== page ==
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"The change is not entirely satisfactory"

5734ccbbcc4bd04e97372ff3dad99251 LThe following are excerpts of an interview conducted by the "Sunday Lankadeepa" newspaper with the leader of the Ape Jathika Peramuna (AJP) Mr. Senaka De Silva, who is powerful figure behind the stage in Sri Lankan political arena.

Q: What are the present engagements of Ape Jathika Peramuna?

A: Politically we are currently placed in a better position. In fact it was under our party the then common candidate President Maithripala Sirisena had planned to run for the presidential election.

Q: But why wasn't it carried out?

A: There were reasons for that. We only had a limited time. So at the end everyone came to an agreement to run under the "Swan" symbol, for it was more familiar to the Sri Lankan public. So the people knew what it was. And at time we did not want to carry out a massive advertising campaign with posters and Cut-outs just to present Mr. Maithripala Sirisena as a candidate. He was strongly against such activities. While the former President Rajapaksa was seen in large bill boards, President Sirisena found space in people's hearts. The symbol of AJP is the telephone. So rather than starting with a new symbol, we decided to work our way forward with the Sawn.

Q: Many say that you have made a huge contribution the regime change. Is it true?

A: Yes of Course.

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Q: But are you happy with the change at present?

A: Frankly I'm not at a position where I could say that I'm 100% happy with our current progress. An I dare say that the people too are in the same status as I am in.

Q: So do you think that you have made a mistake?

A: No. There is no mistake here. The change we won can be described in two ways. Around 6.2 million people in this country gave their mandate to win back democracy. Further they expected good governance and equality to return.

Q: Are you saying that none of that has been achieved so far?

A: Unfortunately rather than fulfilling the wishes of the 6.2 million people who had voted for him., President Maithripala Sirisena seems to be giving priority to the affairs of his political party. He is now continuing his political career as the chairman of the SLFP. I believe this is the main reason for his lack of progress.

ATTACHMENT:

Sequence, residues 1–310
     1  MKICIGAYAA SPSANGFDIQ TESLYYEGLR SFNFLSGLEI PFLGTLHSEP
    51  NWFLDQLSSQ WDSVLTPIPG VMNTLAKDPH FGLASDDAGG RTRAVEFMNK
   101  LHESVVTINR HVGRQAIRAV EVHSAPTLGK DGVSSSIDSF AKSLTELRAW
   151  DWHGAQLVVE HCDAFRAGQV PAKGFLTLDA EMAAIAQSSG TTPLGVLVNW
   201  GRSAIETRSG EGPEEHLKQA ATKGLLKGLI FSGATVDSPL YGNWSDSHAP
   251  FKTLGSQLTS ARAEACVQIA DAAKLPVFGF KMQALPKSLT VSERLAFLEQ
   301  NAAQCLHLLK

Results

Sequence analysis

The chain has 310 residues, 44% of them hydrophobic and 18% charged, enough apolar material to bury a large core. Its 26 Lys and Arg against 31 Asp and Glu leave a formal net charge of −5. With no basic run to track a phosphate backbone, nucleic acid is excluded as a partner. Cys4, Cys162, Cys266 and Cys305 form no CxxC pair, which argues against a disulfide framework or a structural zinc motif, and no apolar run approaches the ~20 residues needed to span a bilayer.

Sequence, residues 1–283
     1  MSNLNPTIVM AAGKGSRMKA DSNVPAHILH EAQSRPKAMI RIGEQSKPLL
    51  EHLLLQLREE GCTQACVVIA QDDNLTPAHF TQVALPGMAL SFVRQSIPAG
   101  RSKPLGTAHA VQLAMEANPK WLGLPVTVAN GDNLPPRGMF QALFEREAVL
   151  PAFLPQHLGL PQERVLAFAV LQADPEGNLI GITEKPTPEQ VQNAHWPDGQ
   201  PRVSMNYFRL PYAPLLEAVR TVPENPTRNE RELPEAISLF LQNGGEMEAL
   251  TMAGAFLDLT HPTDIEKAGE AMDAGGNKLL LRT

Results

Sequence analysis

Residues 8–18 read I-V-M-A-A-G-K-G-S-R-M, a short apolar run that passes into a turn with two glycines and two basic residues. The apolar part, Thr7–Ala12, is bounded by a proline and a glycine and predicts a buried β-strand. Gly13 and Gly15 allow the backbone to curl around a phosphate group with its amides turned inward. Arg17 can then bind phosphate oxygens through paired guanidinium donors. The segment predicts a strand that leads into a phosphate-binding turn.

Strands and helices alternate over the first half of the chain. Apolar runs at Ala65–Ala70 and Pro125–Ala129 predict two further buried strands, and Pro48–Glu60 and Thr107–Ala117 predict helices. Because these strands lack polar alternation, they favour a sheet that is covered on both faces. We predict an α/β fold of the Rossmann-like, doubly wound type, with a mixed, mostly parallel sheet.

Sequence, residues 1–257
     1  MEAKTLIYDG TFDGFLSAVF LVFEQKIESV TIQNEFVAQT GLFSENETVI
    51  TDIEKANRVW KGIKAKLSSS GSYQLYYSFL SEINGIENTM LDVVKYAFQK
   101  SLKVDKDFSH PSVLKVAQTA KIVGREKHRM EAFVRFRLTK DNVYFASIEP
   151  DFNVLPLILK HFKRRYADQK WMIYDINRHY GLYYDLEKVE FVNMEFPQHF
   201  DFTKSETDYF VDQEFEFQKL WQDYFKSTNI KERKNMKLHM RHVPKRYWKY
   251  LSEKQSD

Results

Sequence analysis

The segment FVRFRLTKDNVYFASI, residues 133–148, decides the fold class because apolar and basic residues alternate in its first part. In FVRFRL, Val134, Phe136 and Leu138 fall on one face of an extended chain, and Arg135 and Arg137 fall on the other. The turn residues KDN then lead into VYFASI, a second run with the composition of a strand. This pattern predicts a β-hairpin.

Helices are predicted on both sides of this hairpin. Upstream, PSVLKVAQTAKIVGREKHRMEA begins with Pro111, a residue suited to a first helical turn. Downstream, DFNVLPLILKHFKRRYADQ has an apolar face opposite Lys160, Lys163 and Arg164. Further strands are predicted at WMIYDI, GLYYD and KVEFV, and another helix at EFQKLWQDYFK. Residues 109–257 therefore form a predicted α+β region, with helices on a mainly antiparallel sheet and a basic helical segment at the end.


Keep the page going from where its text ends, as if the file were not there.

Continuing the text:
Q: In your opinion, what should the President have had done?

A: In reality, since independence the country was ruled by two political parties. One is the UNP which was started by Mr. D.S. Senanayaka and the other is the SLFP which was created by Mr. S.W.R.D. Bandaranaike. There were problems since the beginning but in the past there was a sense of "decent politics". But with later leaders the political culture was subjected to a lot of changes. For an example the SLFp was built upon the foundation of Banadanaike policies. His vision contained many aspects required to uplift the morality of this country. But after assuming power, former President Rajapaksa replaced the Bandaranaike policies with his own "Mahinda Chinthana".

In the former Soviet Union, people like Lenin formed socialism to take the whole world towards the concept. But with the arrival of Stalin, the whole ideology was converted in to a "Stalinism", finally ending up in the destruction of socialism in the whole world. Similarly, replacing the Bandaranaike vision in the SLFP with "Mahinda Chinthana" has only resulted in creating political stooges clinging in to high post only with the intention of personal gain. And in the end President Maithripala Sirisena too has been compelled to sit in this same dump feeding the same stooges. He is no longer able to take any action against the stooges of Mahinda Chinthana as he is bound by the duty as the party leader to protect them.

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Q: You have spoken about democracy and good governance. But hasn't both these terms gone astray at present?

A: We cannot make such accusations in an outright manner. There are problems about democracy in all countries. But I believe that the present government is genuinely dedicated towards maintaining democracy. The best example for it is the proposed constitution that is being formed with the participation of all the 225 members of the parliament. And the proposed constitution is mainly focused on ensuring the endurance of democracy.

Q: Recently several MPs were given ministerial positions. Isn't this the same old system of quenching personal needs of politicians to gain their support?

A: I have to repeat that the President has been compelled to go along with the tide. Both the President and the Prime Minister need adequate support from the MPs in order to preserve good governance.

Q: But isn't it the same old tactic?

A: No. This is not done with the intention of retaining the power in their hand for an eternity. This is only done to deliver the people their deserved privileges. To ensure that a new constitution is formed the government must hold power in the parliament. And to do that it must sometimes take unpopular political decisions.